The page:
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In this millennium, more than ever, businesses have a critical mission to distinguish top performers and retain key talent through incentive rewards. Forced-ranking systems have been in existence for decades, typically aligning people in preset “buckets” of performance that is constrained by a percentage, forcing managers to rank employees from best to worst; but do these systems work? 

The Equity Theory offers insights on impacts of these systems and perceptions of social justice or the fairness of the resulting social exchange and impact to individual performance.  According to J. Stacy Adams (1965), how hard a person is willing to work, is partially determined by their perception of how fair or just his/her comparison to others is (as cited by PSU, n.d., screen 6).

Case of Overpayment/Underpayment as a result of a “Forced Ranking” performance system.

This case offers insights of Overpayment and Underpayment inequities experienced by employees of one of the largest Insurance companies in the world, who after falling into hard financial times, had to implement a “Pay for Performance” program aimed at increasing  competition amongst employees for top compensation  thus  increasing work output through higher performance.

Changes to the company’s compensation program included:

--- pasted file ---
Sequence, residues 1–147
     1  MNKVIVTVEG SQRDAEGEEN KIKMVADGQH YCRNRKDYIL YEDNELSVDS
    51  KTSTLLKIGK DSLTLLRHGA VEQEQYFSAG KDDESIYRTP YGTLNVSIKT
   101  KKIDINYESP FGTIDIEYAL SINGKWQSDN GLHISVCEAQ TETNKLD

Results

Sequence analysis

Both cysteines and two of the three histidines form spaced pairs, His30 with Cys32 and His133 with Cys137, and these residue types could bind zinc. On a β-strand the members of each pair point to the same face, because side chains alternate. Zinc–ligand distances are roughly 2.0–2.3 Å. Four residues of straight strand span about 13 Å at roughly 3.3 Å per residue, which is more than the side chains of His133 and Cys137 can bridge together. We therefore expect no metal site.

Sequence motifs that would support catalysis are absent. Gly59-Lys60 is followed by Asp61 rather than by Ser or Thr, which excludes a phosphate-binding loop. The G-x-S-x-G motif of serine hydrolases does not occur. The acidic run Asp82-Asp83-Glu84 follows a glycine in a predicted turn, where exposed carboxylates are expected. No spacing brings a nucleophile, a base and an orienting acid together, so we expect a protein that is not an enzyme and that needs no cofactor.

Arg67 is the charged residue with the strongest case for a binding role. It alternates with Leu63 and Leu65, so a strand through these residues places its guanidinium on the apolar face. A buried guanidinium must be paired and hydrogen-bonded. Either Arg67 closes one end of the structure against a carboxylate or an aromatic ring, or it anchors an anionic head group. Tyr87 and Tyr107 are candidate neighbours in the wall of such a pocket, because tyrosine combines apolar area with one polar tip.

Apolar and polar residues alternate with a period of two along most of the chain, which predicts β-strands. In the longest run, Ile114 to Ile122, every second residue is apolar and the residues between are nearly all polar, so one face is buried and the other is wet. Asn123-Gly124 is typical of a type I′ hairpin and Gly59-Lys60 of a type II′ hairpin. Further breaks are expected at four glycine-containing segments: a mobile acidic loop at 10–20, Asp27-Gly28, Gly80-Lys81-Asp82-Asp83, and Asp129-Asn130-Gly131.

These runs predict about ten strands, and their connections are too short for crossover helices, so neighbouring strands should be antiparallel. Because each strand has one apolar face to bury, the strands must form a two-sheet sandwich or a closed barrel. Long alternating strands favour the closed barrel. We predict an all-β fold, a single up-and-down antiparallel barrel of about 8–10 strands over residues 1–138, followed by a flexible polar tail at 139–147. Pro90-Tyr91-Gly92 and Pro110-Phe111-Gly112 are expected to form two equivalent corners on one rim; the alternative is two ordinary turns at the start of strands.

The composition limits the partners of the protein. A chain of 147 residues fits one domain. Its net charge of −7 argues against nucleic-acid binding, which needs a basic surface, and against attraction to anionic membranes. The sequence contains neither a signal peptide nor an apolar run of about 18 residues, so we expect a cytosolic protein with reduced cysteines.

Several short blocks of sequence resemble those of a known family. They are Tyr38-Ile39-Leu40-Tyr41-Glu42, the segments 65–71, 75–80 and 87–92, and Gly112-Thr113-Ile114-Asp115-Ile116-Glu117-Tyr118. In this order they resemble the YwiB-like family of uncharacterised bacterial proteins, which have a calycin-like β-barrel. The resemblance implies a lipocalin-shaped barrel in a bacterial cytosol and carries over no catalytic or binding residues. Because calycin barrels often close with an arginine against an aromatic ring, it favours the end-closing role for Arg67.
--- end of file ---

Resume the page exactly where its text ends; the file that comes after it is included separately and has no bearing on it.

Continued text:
• Freeze to base compensation (unless dictated by regulatory company in country)
  • Introduction of target incentive compensation based on the employee’s grade level that could be improved or reduced based on performance of the individual and the company:
    • 1 - Outstanding performance = 130% of Target
    • 2 - Excellent performance = 110% of Target
    • 3 - Meets expectations = 100% of target
    • 4 - Below expectations = 80% of target or less
    • 5 - Unacceptable performance = No incentive compensation
    • Limitations on how many employees can be included in each category were:
      • Performance of 1 – 10% of the population
      • Performance of 2  - 20% of the population
      • Performance of 3 – 50% of the population
      • Performance of 4 – 5 – 20% of the population


The process:

  • Manager and subordinate agree on 3 – 5 goals at the beginning of the year
  • Manager and employee meet midyear to review progress against goals , re-align goals if appropriate
  • Year End preliminary review by the manager and assignment of performance rating based on goal outcomes